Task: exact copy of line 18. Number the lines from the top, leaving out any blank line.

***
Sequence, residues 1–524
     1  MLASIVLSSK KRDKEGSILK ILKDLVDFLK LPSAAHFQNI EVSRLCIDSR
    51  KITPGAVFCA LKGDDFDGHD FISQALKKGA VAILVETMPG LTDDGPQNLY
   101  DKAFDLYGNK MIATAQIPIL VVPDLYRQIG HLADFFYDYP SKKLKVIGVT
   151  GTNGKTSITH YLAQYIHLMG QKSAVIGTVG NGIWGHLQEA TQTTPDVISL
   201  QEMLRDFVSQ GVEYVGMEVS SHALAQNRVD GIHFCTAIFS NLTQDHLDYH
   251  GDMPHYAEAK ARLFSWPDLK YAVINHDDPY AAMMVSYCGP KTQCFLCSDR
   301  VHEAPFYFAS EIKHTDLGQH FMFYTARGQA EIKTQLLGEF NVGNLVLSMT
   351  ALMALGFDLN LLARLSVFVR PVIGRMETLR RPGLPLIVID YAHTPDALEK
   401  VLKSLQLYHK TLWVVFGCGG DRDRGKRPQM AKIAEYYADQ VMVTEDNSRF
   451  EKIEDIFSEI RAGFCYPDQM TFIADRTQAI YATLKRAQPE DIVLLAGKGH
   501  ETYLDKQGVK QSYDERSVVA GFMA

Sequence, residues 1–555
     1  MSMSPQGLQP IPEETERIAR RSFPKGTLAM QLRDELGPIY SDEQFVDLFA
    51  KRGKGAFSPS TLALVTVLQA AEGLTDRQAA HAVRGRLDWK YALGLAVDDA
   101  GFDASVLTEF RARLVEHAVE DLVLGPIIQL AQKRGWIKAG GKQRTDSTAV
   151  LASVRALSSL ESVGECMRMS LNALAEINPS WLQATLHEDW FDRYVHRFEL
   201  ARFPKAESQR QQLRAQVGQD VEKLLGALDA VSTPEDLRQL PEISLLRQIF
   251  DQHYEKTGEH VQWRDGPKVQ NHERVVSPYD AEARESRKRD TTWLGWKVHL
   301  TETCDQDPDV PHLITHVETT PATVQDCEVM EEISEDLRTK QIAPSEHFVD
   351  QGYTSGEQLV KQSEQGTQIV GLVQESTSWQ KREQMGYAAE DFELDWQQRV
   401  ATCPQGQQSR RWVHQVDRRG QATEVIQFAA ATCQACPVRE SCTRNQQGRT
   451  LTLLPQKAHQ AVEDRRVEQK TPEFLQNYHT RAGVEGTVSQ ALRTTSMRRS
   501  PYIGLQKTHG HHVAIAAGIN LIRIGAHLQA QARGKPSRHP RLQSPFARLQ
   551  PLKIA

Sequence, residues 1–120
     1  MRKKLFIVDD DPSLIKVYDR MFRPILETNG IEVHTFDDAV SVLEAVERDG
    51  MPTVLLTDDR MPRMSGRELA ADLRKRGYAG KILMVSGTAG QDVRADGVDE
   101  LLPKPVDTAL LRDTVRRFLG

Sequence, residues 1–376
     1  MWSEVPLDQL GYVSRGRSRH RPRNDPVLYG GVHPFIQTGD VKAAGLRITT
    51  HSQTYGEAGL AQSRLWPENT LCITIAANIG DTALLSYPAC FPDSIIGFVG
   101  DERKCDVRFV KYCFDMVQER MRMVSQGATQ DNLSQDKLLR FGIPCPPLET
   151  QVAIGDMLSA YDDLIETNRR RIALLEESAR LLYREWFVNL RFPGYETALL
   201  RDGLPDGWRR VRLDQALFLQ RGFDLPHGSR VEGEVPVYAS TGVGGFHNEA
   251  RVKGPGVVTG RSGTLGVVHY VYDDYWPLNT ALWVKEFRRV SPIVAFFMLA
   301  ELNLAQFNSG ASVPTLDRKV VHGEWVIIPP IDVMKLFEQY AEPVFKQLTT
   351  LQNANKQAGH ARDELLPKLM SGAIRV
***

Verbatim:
   201  ARFPKAESQR QQLRAQVGQD VEKLLGALDA VSTPEDLRQL PEISLLRQIF